And now, to finally get to the point, I don’t think we are necessarily in a tech bubble, but are seeing a lot of attention around some fads; however, we need to be cautious and observe what is being funded, understand why it is being funded and question if funding would have occurred given a different economic environment.

So, nope, still can’t say bubble!

But go ahead and call this a bubble…

This is a Bubble

I’m Lovin’ It: Going Global by Going Local

The end of standardization has been realized for many years now, and it is even more apparent today as companies compete to break into international markets.  We are seeing this with ecommerce companies, sharing services, fashion houses, pharmaceutical companies and a host of other businesses.  Achieving international market growth is not easy and involves constant development of product, brand and distribution strategy as well as awareness of the government’s role in the country and the country’s policies and plans.

By evaluating McDonald’s we can learn effective strategies on how to “think global, act local”.  Over the years, McDonald’s has continued to innovate its menu and adapt its go-to market system, allowing it to maintain its leading global presence, retain its customers and uphold its reputation as the “Golden Arches”.  Many companies are able to break into a new country or environment quickly but fail to tailor their products and services to the needs and demands of its local customers.  Localization must be applied at every level of the business to achieve successful international market growth.

A comparison of the different McDonald’s website by country shows us the importance of brand consistency, language, design and variation of product offerings to accommodate local market conditions.

United States








Most noticeable is the use of color to develop brand recognition and connect with local customers.  The golden arches are displayed in the upper left corner of each of its websites and yellow is a commonly used color across all the sites.  However, notice the McDonald’s French and German websites have replaced the iconic red background with green.  This color change in 2009 was intended to aggressively communicate a more eco-friendly image to help the company connect with a pro “green” customer base in Europe.  In this instance, color was a driver to reflect shared values between the business and its customers, suggesting that the original red and yellow logo colors were not well received in Europe and some separation from the U.S. home company image was necessary.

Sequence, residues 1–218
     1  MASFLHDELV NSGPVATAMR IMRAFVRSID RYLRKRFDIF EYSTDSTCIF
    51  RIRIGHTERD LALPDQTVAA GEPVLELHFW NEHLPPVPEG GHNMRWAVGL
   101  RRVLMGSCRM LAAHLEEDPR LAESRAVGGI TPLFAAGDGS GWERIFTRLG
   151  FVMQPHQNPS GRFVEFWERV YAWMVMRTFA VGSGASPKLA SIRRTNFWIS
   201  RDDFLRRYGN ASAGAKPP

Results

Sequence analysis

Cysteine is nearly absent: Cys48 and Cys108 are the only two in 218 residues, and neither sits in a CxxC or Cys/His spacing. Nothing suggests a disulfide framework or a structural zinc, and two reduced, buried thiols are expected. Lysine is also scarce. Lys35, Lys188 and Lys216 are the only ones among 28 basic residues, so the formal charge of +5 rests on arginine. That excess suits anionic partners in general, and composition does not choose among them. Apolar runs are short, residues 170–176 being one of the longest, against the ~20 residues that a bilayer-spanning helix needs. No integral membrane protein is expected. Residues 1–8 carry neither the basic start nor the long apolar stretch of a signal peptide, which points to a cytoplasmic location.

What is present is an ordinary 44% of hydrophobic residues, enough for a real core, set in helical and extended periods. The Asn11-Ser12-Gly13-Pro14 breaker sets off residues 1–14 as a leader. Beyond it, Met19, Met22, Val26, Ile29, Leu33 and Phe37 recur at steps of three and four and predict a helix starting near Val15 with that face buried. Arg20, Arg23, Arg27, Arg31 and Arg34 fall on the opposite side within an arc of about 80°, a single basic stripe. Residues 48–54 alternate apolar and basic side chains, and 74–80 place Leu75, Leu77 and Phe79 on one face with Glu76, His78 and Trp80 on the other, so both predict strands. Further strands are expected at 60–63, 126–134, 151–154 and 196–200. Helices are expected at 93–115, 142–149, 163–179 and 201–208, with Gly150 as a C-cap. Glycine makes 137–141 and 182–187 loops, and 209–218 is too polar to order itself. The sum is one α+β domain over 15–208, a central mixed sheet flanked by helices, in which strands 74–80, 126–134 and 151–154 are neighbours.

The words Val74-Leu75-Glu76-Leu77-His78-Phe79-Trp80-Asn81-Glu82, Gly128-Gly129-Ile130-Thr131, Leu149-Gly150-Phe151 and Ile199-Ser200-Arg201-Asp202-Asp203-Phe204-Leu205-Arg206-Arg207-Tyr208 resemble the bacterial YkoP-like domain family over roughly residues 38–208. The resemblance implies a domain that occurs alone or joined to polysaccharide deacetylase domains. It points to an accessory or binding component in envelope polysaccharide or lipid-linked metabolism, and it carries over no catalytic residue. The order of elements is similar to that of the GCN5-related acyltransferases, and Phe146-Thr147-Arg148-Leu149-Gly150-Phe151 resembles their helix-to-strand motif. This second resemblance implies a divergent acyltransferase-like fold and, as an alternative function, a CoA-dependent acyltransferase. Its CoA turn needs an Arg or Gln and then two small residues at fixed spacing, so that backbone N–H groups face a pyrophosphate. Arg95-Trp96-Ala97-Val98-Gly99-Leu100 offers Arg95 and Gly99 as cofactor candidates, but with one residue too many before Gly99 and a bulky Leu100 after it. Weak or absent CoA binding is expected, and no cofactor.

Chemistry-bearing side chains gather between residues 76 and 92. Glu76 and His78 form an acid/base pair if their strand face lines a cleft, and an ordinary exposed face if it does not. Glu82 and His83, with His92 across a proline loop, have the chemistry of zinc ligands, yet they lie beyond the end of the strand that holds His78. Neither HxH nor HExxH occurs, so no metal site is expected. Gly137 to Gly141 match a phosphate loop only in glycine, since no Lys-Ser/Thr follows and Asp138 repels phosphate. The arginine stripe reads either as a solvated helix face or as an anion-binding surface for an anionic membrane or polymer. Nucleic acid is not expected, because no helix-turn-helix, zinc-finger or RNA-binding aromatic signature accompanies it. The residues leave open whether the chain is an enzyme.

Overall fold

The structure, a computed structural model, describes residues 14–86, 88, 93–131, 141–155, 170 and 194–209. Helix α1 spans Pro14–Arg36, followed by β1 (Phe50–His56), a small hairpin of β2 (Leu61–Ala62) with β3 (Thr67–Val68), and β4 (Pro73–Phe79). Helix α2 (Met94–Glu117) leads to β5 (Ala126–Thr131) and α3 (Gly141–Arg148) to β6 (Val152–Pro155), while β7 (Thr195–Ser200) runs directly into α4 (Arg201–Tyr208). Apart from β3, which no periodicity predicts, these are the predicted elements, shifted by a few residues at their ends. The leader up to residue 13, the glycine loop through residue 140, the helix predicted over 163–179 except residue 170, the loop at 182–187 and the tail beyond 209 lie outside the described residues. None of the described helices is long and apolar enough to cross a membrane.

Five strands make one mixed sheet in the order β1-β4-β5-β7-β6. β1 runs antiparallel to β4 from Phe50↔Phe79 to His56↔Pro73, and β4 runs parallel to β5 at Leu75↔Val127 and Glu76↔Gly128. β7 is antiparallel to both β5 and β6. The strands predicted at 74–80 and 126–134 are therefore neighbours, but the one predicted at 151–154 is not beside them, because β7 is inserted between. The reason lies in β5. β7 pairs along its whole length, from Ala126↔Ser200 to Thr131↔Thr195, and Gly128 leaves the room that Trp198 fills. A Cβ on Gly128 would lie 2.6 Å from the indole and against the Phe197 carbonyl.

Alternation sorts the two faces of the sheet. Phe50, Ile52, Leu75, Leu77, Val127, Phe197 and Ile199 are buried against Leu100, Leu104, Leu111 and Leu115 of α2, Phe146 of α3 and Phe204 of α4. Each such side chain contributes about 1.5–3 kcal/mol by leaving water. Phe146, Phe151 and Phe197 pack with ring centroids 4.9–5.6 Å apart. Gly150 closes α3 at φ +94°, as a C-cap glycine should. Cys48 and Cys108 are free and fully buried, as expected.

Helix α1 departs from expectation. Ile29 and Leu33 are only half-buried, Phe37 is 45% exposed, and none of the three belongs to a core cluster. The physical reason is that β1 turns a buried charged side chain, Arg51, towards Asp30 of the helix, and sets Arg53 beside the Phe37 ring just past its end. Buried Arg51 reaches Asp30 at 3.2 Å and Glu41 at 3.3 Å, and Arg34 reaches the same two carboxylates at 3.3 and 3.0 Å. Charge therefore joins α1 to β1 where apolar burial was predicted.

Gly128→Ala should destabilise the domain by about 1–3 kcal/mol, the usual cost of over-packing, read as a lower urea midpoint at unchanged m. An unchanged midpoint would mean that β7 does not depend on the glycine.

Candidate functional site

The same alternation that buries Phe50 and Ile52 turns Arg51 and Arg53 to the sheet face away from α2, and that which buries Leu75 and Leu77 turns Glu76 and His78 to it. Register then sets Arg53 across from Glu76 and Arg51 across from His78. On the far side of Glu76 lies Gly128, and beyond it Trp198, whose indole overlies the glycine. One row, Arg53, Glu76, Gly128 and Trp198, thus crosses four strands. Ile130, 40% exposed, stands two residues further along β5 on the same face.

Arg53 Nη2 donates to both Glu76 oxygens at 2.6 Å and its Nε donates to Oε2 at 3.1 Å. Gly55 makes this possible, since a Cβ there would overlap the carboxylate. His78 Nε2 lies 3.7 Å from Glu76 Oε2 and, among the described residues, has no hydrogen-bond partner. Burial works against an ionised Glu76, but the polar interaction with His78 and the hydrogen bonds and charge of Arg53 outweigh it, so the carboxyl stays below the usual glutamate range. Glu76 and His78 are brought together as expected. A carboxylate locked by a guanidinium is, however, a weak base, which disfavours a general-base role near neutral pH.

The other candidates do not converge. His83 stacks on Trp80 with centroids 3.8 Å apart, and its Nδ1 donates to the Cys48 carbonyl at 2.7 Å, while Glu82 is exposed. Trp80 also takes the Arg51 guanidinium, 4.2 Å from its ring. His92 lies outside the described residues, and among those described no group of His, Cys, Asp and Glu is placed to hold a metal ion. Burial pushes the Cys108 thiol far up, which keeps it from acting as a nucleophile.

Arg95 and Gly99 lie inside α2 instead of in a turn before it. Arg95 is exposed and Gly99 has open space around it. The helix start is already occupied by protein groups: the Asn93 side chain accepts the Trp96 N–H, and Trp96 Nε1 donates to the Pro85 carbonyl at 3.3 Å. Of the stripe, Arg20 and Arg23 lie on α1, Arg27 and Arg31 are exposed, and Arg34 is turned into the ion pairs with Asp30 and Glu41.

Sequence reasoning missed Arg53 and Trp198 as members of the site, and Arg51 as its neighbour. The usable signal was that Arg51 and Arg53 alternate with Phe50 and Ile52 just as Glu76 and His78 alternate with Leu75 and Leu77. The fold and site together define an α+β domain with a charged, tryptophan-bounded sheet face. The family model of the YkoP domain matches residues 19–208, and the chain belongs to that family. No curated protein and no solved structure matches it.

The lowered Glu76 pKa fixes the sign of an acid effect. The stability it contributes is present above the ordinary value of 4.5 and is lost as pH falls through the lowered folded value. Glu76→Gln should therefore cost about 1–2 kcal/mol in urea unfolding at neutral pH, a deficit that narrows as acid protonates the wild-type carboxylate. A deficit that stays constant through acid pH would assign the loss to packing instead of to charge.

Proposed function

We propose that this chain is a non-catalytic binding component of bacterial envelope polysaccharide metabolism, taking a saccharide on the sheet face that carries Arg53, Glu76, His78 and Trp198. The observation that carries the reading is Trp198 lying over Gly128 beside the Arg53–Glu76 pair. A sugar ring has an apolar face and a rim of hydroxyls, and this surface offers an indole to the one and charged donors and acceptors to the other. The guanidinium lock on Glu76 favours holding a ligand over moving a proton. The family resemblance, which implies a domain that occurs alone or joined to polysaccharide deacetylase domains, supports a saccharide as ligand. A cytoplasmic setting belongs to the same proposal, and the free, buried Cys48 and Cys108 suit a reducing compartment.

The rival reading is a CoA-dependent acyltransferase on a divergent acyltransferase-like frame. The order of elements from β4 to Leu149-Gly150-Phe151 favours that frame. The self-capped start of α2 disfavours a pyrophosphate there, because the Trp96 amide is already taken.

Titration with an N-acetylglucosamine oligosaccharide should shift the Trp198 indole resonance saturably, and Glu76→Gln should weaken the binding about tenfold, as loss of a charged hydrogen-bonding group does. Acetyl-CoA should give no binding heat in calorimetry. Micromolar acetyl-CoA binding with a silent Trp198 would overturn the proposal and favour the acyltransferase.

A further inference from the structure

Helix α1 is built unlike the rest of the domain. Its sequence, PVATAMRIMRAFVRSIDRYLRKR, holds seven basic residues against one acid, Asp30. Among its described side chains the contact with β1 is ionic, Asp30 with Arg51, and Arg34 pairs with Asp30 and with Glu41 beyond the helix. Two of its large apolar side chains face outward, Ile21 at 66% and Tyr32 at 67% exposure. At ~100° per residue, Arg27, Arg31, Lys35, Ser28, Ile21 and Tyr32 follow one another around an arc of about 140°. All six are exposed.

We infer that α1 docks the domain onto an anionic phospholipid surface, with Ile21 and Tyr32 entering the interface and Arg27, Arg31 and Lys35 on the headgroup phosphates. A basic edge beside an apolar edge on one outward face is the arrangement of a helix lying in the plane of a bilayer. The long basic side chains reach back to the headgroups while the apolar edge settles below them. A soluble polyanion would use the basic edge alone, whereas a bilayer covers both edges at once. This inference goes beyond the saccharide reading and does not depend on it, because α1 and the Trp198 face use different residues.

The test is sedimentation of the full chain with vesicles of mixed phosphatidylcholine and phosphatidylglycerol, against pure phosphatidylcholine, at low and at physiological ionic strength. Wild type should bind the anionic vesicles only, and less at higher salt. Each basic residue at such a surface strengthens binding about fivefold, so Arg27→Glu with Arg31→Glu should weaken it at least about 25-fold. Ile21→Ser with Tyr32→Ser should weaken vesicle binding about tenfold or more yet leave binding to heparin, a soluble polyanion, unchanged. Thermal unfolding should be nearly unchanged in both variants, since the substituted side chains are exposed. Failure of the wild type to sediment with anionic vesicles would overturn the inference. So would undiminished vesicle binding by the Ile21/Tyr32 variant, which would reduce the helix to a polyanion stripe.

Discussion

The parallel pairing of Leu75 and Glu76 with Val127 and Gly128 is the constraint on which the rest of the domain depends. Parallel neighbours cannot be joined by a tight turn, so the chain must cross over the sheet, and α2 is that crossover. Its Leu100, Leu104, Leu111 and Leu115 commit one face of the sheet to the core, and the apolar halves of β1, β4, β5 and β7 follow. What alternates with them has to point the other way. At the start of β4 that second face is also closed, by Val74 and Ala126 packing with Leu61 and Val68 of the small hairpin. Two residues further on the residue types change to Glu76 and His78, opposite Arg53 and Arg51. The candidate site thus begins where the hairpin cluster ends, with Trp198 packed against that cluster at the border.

At a NYC Hacker Growth Event I attended last November, a former LinkedIn employee shared his experiences with launching LinkedIn abroad and how they came across the language factor.  They found that using the local language (initially launched in English) on the website for that country led to increased engagement.  Yes, this sounds obvious but many companies have failed to do this and just think how challenging it will be for young companies with blogs to accurately translate their posts across their different websites (God forbid a grammatically incorrect and Babblefish translation!).

Language is the medium of culture, allowing a group of individuals to share their knowledge, beliefs, values, attitudes, politics and religion.  And because culture is largely tied to identity and influences our interactions (human-human and human-product interaction), decision-making and interests, language is key when building brand equity abroad.  As my best friend Erica Baba beautifully summarized: